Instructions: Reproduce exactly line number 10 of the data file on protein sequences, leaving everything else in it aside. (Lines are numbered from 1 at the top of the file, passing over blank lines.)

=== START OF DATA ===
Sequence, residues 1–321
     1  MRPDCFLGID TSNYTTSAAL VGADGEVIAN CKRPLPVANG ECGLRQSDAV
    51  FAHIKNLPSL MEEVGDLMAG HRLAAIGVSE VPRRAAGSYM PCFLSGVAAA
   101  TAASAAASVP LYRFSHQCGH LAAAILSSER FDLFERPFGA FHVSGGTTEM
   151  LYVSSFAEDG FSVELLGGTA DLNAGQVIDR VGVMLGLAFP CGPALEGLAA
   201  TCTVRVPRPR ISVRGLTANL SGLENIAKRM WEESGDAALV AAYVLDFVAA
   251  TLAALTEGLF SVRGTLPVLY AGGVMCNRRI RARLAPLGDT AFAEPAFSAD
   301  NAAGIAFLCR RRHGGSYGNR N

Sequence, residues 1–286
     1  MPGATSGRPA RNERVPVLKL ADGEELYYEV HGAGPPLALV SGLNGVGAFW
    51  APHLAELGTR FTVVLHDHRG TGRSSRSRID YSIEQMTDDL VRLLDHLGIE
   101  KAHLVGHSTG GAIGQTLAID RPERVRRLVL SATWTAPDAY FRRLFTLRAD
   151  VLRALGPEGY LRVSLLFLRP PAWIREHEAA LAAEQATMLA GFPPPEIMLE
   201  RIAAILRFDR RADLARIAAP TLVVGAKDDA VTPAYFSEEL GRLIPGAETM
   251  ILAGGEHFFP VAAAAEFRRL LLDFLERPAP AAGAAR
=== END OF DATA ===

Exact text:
     1  MPGATSGRPA RNERVPVLKL ADGEELYYEV HGAGPPLALV SGLNGVGAFW